Other U.S. cities have begun implementing similar processes. Last year, Seattle reallocated millions from the police budget, asking residents to decide how to spend it to create “true public health and safety.”
Local Courts Become the Next Frontier in Criminal Justice Reform
Court systems across the country are labyrinthine and opaque, with little attention typically paid toward the powerful local judges who wield great sway in deciding who sits in jail, who to evict and how harsh to make bail.
This year, in Pennsylvania’s Allegheny County (home to Pittsburgh), progressive groups made a concerted effort to change that. They promoted a slate of eight candidates for the county’s Court of Common Pleas, which handles criminal matters; the candidates vowed to use their discretion to shorten prison sentences and reduce pretrial detention.
Five of the candidates on this progressive slate prevailed in the Democratic primary in May, and all five won the general election on Tuesday and are headed for the bench.
Among these incoming judges is Lisa Middleman, a former public defender who ran for district attorney in 2019. I talked to her at the time about her platform that called for ending cash bail and mandatory minimum sentencing. Middleman lost then to an incumbent DA who remains in office and has pursued far more punitive policies on which she’ll now get to weigh in as a judge.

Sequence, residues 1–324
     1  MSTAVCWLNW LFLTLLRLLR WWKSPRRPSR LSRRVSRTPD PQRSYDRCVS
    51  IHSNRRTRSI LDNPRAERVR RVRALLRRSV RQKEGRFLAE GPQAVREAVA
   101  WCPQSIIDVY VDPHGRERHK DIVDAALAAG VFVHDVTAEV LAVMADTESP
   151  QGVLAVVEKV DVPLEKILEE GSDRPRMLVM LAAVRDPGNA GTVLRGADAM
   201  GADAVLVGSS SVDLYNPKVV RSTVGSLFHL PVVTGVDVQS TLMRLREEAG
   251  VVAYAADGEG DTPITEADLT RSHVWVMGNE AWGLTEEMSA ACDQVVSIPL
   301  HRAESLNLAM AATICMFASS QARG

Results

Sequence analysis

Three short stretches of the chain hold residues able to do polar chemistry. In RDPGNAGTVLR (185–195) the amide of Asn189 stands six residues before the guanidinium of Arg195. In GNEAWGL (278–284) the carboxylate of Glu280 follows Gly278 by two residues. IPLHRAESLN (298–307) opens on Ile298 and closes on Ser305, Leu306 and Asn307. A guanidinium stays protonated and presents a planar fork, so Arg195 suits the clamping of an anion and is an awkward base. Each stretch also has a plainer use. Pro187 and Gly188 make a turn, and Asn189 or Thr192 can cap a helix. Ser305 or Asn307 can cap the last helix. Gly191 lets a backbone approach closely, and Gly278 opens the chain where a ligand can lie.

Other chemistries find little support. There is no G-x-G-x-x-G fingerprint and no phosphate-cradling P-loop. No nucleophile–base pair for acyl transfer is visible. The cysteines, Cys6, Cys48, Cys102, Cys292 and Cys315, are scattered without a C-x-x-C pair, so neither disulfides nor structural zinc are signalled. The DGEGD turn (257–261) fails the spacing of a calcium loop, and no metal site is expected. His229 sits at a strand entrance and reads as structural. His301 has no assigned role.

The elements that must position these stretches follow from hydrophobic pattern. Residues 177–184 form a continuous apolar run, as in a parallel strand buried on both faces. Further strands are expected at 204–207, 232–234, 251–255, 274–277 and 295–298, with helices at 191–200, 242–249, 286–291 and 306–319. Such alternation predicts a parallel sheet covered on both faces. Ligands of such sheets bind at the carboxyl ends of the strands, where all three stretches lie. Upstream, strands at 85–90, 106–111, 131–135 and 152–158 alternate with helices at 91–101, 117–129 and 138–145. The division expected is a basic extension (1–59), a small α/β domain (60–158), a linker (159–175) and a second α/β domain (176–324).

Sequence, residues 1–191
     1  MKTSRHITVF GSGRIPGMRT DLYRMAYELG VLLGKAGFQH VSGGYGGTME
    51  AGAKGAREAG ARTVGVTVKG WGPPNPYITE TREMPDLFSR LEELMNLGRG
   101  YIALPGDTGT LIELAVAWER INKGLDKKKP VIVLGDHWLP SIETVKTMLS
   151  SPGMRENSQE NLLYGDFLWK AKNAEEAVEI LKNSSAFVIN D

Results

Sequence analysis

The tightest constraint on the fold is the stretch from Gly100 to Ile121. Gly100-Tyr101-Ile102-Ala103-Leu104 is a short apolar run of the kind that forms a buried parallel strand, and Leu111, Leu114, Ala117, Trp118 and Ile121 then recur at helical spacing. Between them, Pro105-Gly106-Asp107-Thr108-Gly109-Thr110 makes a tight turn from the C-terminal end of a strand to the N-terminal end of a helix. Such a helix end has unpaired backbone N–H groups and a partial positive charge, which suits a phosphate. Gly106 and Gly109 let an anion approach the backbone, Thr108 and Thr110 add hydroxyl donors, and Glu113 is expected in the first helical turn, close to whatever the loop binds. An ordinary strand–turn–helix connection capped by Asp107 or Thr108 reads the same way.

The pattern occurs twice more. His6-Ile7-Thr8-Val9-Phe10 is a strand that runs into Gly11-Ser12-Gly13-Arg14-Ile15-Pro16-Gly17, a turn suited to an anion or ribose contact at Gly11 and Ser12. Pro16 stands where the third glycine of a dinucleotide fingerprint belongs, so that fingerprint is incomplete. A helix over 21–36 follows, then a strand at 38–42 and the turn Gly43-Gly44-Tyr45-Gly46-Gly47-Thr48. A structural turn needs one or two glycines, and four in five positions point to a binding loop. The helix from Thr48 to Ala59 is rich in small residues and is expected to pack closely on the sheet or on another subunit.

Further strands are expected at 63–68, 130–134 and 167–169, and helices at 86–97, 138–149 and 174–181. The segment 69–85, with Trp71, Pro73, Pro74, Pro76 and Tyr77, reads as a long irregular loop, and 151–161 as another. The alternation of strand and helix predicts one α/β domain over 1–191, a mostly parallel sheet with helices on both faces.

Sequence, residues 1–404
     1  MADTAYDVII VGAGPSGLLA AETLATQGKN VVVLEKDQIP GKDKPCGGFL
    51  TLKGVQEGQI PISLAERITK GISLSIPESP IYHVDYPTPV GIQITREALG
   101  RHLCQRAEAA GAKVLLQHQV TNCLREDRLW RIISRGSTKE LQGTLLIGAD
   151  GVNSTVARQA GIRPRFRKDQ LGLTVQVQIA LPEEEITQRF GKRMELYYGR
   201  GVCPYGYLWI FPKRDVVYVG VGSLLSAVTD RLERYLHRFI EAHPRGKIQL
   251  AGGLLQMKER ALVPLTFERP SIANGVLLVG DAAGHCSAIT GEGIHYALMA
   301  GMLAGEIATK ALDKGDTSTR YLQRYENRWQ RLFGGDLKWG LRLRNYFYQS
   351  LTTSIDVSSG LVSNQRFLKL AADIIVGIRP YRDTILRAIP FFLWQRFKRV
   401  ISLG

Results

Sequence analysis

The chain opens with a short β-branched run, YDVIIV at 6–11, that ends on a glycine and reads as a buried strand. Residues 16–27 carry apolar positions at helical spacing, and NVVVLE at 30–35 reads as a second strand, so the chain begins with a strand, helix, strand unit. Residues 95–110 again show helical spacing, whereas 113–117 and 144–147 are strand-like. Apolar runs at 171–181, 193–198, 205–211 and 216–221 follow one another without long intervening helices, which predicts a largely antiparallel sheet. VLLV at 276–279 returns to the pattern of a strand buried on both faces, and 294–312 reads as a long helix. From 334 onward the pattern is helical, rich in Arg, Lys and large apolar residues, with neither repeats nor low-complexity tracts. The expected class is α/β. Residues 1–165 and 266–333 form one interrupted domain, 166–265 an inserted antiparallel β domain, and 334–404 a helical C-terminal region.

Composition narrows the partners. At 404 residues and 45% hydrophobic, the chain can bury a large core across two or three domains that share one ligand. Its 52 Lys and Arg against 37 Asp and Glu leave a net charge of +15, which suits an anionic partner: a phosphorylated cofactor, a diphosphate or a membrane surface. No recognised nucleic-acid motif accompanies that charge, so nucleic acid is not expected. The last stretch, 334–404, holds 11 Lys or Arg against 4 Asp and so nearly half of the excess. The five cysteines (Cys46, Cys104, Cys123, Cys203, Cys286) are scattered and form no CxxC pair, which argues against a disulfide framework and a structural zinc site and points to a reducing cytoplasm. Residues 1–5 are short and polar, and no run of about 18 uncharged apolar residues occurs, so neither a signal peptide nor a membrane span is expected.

But further up the state’s judicial ballot, it’s Republicans who scored wins.
A statewide election was set to decide the partisan balance on Pennsylvania’s 15-member Superior Court, which hears appeals on most criminal matters. (Each party currently holds seven seats.) GOP nominee Megan Sullivan, a former prosecutor, prevailed in that election, in what was a good night overall for her party: Republicans also won the state’s sole election for the state Supreme Court, though Democrats will keep a 5-2 majority on that highest court.
Squalid Jail Conditions Get Scrutiny
The New Orleans jail has been under a consent decree with the federal government for years over its dismal confinement conditions, and federal monitors said last month that the jail had grown less compliant. In New York’s Erie County (home to Buffalo), a series of deaths in the county jail fueled lawsuits and local organizing against jail conditions there.
In both places, the elected sheriff is responsible for jails, and the issue has been central to those campaigns.
Erie County’s sheriff race remains too close to call as of publication; Republican John Garcia, who was endorsed by the outgoing Republican sheriff Timothy Howard, holds a lead over Democrat Kimberley Beatty, who had vowed some improvements to jail conditions such as ending solitary confinement.
In New Orleans, Democratic sheriff Marlin Gusman, who has said courts hold him to too high a standard, is up for reelection next week; the jail and what one challenger called its “backsliding” has been an issue.
Meanwhile, New York City, one of the few jurisdictions that has no sheriff, has seen a surge of investigations in recent weeks on the “abject” and “hellish” conditions inside Rikers Island. Newly-elected mayor Eric Adams said this week he agreed with outgoing Mayor Bill de Blasio that dealing with the conditions on Rikers called for lifting a ban on solitary confinement, but it’s unclear whether he’ll make it a priority.
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